Following this, the patient was instructed to perform pre-IMLD yoga [Fig 3] and one hour of breathing exercises. He then underwent IMLD, which was followed eight hours later by post-IMLD yoga and breathing exercises.
IMLD was applied for 36 minutes, first with unmardhana massage (without oil) and then with udvarthana massage (with oil) [Figs 4 and 5]. The upward massage strokes (from the patient's feet to his groin area) were coordinated with the patient's breathing, ie in the time lapse between the end of one stroke and the beginning of the next, the patient gradually exhaled then took a sudden deep breath.
Both the patient's legs were then covered with long-stretch compression bandages (14 each for both legs) [Fig 6]. Eight hours after the bandages were applied, the patient was instructed to perform more yoga, which was continued daily.
The above treatment regimen was repeated for seven days by the staff and from the eighth day onwards the patient's brother (who had been trained in all of the techniques) supervised the treatment. At the end of the 14th day of supervised treatment, discharge counselling and instructions on home care were provided. The team also repeated all of the baseline investigations (volume measurement, girth measurement and routine blood investigation). Photographic documentation was also obtained at baseline and on the seventh and 14th days.
The patient was instructed to attend reviews at one, three, six and 12-month periods. At each review the procedures were cross-checked and the investigations repeated - the resulting data was fed into SPSS 16 software for analysis and the photographs were compared to illustrate any reductions in limb size [Fig 7].
Reduction in volume and girth at the first and subsequent follow-ups were observed and noted [Table 1 and Fig 7]. Filarial fever induced by entry point infection (such as folliculitis, intertrigo, cracks in the soles of the feet, gravitational eczema, nail bed infection) was reduced by 80% after six months of treatment. Health-related QoL improved by 80% at nine months.
Empowering the patient and family is key in this instance . After one year of self-care, patient X got a job as a mechanic in a cycle shop and started supporting his brother's college education.
Now after five years of home-based therapy, he has joined the Institute as a community nurse masseur. Along with 12 other treatment team members, he has already treated 175 filariasis patients in Alleppey, one of the highly endemic districts of Kerala, as part of the Institute's community-level pilot study.
The aims of treatment are to reduce patients' disability due to swollen legs and frequent attacks of filarial fever and to help them become less dependent on other family members. Once patients have attended counselling and decided to enter the programme, family members are encouraged to join them while they undergo treatment and are trained to apply the treatment protocol themselves. Those patients who are willing to help others can also undertake training as part of their initial and follow-up treatment courses.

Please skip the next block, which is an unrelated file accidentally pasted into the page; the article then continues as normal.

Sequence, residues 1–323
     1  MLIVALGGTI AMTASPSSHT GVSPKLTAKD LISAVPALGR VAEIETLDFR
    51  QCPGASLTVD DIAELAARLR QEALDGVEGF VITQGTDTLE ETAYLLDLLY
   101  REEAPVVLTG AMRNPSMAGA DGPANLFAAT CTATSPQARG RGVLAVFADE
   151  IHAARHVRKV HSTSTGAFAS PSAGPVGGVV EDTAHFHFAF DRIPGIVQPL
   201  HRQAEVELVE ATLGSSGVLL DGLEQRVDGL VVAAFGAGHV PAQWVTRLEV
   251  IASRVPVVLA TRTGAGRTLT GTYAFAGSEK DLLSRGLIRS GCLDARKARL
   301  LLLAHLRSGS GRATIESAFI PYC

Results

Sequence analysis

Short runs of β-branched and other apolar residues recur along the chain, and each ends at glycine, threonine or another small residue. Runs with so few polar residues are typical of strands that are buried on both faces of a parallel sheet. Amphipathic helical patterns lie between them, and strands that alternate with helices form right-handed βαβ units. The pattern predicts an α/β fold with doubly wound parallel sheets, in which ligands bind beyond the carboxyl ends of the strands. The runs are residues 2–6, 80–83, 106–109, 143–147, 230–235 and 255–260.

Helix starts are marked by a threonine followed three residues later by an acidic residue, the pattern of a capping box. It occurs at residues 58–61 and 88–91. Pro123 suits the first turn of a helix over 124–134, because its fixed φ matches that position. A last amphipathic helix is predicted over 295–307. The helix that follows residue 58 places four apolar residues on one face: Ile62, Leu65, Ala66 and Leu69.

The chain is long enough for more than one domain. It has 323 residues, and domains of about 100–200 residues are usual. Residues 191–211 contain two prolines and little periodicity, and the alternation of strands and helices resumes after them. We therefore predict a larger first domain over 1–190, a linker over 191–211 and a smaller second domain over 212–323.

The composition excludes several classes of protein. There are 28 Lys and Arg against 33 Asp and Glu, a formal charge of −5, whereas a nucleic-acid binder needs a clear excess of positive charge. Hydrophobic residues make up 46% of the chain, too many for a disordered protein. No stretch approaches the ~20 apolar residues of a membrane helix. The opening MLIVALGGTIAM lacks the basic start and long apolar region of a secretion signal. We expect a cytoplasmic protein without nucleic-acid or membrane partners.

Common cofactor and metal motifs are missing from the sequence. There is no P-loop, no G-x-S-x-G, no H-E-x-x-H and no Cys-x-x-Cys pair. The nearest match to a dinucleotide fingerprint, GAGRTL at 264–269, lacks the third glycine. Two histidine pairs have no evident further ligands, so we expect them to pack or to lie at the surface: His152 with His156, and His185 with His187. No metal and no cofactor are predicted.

Once home, patients are encouraged to get together with other patients and family members to form local support groups, which work closely with the Institute in a well-informed and motivated partnership for the management and care of chronically disabled lymphatic filariasis patients. In this way, a neglected tropical public health problem is addressed using a patient-centered approach.
Any chronic condition that requires long-term management in resource-poor settings such as remote Indian villages requires a strategically designed treatment programme.
Set up in 1999 by Dr SR Narahari, a dermatologist, the Institute of Applied Dermatology (a charitable non-governmental organisation for health systems research) has developed an integrated approach by effectively combining ayurveda, allopathy, homoeopathy, physiotherapy and yoga in the treatment of lymphatic block due to primary, secondary, traumatic and filarial lymphoedema.
The innovative treatment uses integrated practice to fuse modern dermatology techniques with traditional Indian methods and as the case featured in this article shows, the results can have a dramatic effect on patients' health and quality of life.
Dr Kuthaje Subhaschandra Bose works as Principal of Administration and Communication at the Institute of Applied Dermatology in Kerala, South India. He is part of the multidisciplinary team of doctors who developed an integrated approach for the treatment of lymphatic filariasis.
- Lymphatic filariasis is transmitted by mosquitos and is common among poor people living in unhygienic conditions
- Apart from disability, lymphatic filariasis causes stigma, isolation and psychological stress among affected individuals
- Lymphatic filariasis is also economically debilitating, with estimated losses in India of $1 billion annually
- Treatments include simultaneous elements taken from Ayurveda, yoga and biomedicine
- These methods demonstrate a consistent reduction in the symptoms of lymphatic filariasis, often allowing patients to return to their daily routine and even work
- Patient empowerment also enables the treatments to be practised at home
- A mixture of Indian manual lymph drainage (IMLD), unmardhana massage (without oil) and udvarthana massage (with oil) was applied
- The treatment was repeated for seven days by the staff and from the eighth day onwards the patient’s brother (who had been trained in all the steps) supervised the treatment
- At the end of the 14th day of supervised treatment the counsellor provided discharge counselling for the family and provided the necessary instructions on home care
- The aims of treatment are to reduce patients’ disability due to swollen legs and frequent attacks of filarial fever, and to help them become less dependent on family members
- Once home, patients are encouraged to get together with other patients and family members to form local support groups
- The innovative treatment uses integrated practice to fuse modern dermatology techniques with traditional Indian methods